Wednesday, 28 October 2009

character stuff

Ok... so we're currently working on the cross pathway project which means personal stuff will once again be taking a bit of a back seat however.. after seeing the recent Sony phone advert and a banner on facebook I cant stop thinking of designing characters! :D

also with the recent brief induction by John Patterson into the 3D facilities I'm planning characters that I can cast and make a mold for and produce :D (hopefully I can make a tonne of them and give people on the course their own to design how they want.. nothing new and ground breaking but personal).

one of the many 3D tutorials I've dug out but this is by far the best in terms of clarity...

Friday, 23 October 2009

helping hand

Since I listed a link to a tutorial in the vain hope that someone may see it and benefit from it, i thought I might as well list the other places I "borrow" inspiration from...

I never claim to be great with programs such as Illustrator or After Effects (however I'm quite fluent in Photoshop ;P ahhaha) but I often find random tutorials and just play about to see what I can make with them whereas others may go out in an evening ;)

Computer Arts:
packed with tutorials in photoshop, illustrator, after effects and interviews/reviews

Digital Arts:


more focused on digital painting than general use of program tools

the .Tuts Network:

they also do some good interviews as well as tutorials for After Effects, Photoshop and Illustrator

Monday, 19 October 2009

illustrator shapes/patterns

Found a great tutorial over at Computer Arts which is pretty much what I was doing in Illustrator.. but if anyone is interested... check it out as you'll be able to start making patterns similar to those in the last two posts I made...

polish paper print and pattern

alliteration done and dusted... I couldnt help feel there was something familiar about my carpet design. My mother is Polish born but she came to England when she was young and stayed with a friend of the family who I grew up with calling 'Grandma'. I always remember visiting her house and tracing the patterns over on all the fabrics with my finger.. following the loops, curves and petals of flowers. Through this blog ( ) I found reference to these Polish Paper Cutouts, creating circular patterns from repeated shapes and similar to 1970's fabric patterns. With fashions and trends coming round again and again, if the patterns above were made in Illustrator it probably wouldnt be long before they were on a shelf somewhere printed on a bag, diary, or skirt.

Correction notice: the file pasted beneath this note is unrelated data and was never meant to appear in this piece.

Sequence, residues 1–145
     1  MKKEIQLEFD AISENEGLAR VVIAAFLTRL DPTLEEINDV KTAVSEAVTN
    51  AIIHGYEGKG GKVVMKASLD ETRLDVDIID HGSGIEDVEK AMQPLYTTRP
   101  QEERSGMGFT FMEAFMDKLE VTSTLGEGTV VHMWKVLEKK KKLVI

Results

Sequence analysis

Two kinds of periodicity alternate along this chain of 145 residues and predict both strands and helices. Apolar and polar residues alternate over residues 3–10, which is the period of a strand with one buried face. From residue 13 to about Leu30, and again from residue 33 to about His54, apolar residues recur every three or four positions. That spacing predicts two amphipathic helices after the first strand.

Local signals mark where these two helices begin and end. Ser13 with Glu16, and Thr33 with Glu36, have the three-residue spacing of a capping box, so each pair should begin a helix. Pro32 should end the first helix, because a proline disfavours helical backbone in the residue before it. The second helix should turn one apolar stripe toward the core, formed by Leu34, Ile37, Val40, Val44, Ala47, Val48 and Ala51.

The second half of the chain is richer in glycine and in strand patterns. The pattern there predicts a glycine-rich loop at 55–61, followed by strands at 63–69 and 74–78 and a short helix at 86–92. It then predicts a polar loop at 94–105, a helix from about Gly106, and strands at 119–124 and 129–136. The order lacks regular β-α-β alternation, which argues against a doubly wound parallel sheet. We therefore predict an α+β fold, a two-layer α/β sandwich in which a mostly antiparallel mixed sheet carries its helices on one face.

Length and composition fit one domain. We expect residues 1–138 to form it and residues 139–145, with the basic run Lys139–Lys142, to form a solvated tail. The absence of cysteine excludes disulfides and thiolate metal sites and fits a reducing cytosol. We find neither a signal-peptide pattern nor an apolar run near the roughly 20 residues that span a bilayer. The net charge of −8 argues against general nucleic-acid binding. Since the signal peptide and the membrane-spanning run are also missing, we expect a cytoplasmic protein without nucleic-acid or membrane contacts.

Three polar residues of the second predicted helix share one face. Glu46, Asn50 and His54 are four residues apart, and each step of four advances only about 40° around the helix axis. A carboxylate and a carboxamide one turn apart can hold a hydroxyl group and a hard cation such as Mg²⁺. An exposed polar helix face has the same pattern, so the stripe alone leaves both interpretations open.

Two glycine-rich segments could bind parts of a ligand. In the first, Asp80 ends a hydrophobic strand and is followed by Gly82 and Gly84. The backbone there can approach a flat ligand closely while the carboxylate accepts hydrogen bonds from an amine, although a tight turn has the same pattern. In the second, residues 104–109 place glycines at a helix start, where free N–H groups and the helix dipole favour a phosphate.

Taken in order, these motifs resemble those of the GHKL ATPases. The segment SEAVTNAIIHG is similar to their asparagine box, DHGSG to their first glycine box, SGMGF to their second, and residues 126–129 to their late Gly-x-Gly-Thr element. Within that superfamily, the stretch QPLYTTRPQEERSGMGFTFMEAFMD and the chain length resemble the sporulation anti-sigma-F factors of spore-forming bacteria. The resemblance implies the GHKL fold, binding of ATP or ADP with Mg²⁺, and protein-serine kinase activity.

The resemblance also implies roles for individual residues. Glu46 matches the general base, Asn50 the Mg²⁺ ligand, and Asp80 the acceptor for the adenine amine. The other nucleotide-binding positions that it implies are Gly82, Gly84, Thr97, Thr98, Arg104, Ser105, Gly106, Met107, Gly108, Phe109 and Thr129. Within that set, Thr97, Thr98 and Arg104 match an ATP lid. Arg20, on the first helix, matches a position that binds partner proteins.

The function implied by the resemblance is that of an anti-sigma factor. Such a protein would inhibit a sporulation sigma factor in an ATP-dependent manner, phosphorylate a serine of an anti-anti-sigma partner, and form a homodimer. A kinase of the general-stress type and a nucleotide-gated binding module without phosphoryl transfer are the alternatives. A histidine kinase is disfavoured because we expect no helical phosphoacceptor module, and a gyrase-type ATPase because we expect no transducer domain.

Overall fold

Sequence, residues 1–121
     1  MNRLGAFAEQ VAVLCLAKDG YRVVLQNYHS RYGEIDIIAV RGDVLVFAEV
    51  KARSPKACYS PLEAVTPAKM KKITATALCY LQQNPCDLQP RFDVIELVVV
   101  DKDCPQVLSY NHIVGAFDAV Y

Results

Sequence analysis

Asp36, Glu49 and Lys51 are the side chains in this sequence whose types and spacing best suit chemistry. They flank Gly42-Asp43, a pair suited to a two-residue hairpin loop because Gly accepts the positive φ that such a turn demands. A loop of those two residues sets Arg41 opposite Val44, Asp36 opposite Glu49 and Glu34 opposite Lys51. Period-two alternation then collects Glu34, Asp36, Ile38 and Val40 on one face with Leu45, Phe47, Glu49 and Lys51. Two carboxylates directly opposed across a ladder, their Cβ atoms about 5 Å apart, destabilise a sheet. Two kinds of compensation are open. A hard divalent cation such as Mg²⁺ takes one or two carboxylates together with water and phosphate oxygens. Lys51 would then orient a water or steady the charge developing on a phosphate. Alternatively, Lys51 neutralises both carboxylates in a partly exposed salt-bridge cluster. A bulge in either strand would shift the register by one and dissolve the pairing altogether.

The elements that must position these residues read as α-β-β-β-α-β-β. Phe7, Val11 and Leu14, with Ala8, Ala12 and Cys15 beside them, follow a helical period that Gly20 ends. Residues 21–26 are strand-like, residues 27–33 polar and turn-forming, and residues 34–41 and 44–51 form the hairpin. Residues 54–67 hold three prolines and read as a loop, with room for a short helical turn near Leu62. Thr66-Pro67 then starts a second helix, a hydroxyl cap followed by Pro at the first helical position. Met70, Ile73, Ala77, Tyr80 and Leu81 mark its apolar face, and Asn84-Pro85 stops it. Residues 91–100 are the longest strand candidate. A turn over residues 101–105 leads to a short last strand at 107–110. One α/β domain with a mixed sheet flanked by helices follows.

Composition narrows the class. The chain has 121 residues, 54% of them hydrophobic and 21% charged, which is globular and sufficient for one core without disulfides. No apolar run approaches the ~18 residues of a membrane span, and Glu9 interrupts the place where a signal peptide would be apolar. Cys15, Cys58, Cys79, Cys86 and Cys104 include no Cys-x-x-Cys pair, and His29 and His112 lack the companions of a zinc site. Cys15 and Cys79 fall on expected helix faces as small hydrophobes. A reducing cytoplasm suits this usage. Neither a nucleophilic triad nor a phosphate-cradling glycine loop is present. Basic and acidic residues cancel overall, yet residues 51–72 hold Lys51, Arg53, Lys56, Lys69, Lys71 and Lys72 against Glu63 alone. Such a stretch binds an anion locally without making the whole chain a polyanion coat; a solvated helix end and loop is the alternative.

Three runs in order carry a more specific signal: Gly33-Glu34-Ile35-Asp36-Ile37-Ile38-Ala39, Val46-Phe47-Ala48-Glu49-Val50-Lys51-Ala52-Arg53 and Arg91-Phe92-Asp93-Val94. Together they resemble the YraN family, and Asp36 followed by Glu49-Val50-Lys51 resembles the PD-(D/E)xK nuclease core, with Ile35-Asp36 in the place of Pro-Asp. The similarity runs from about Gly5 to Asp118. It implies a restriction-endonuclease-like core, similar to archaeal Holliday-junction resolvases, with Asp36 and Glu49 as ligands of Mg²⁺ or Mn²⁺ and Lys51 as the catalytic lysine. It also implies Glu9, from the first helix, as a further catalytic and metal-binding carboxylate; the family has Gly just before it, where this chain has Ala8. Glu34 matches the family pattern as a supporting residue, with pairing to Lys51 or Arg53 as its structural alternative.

some 60's/70's patterns:

Via the GrainEdit blog I was made aware of a Brazillian illustrator, Fernando Volken Togni, who does use Illustrator to create retro patterns from simple shapes and muted/limited colour pallettes.

carpet diem

In a project inspired by Siggi Eggertsson ( ), we were asked to create a carpet design for the fashion brand Mulberry as if it was to be used in a flagship store and for various vinyls around the store. Below is Eggertsson's own design and that is pretty much all we were given to go on...

This was was really meant to be an introduction into using the program Illustrator, just like creating our animations was an exercise in getting to know After Effects (or iStop). Given Illustrators knack for drawing shapes and repeating them to form patterns I began experimenting overlapping shapes and altering the opacity/blend modes, nothing too fancy. Below are two outlined practice examples and the coloured version is what I decided to call it quits with...

colours sampled from the Mulberry website and products:

The main inspiration behind my coloured design (although it looks like a poncho) are these traditional Indian flower arrangements called Pookalam, created over 10 days in honour of their beloved King, Mahabali. On the first day, the design is sketched out onto the floor and over the following 9 a new tier of flowers/colour is added to the design until finished. The intricate patterns are to attract the attention of the spirit of their King, much like Los Dios De Muertos where homage is paid to the dead over a two day festival.

The only problem I found was, in my own designs the patterns lose their unique appeal. A 2D image on screen and crisp colours dont have the same affect as seeing these flower arrangements in 3D. I think in the next couple of briefs I need to remember to include my passion for interactivity and tangibility and produce something 3D whether its a toy or sculpture :)

These then reminded me of a piece of work an old tutor of mine created in Manchester ( ). Jo Vickers took thousands of flowers and arranged them on the ugly giant concrete walls in Picadilly Gardens as well as over the entire floor of Albert Square outside of the Town Hall.

Initially I was looking at traditional patterns and fabrics commonly associated with stately homes, then moving onto needlepoint floral patterns but they reminded me too much of all the filagree stock vectors which are readily available. Although my design above isn't anything fancy nor technical, patterns etc are something I havent tried creating before in Illustrator. We've recently purchased a new rug for the home which made me think less about carpet designs (which are often very dull) and instead about rugs like the B&Q ones below.

Sunday, 18 October 2009

Shapely Curves 2

I can't talk about the use of shape and flowing lines without mentioning the work of artists such as Shane Glines and Bill Pressing. They both have a retro pin up style, which focuses on the shapely figures, curves, lines and proportion and exaggerates them to draw more attention to the bust and waist through thinning the stomach, neck and legs. When the likes of Bettie Page started bringing more wide spread popularity to the art of striptease/burlesque shows (like how Dita Von Teese has revamped it again in the last 10 years), the attention isnt directed towards genitalia/crude nudity associated with porn but their sexuality and curves to tease/suggest ideas of the erotic, with their bodies covered/hidden you are left to imagine what lies beneath rather than baring all and removing all mysetery.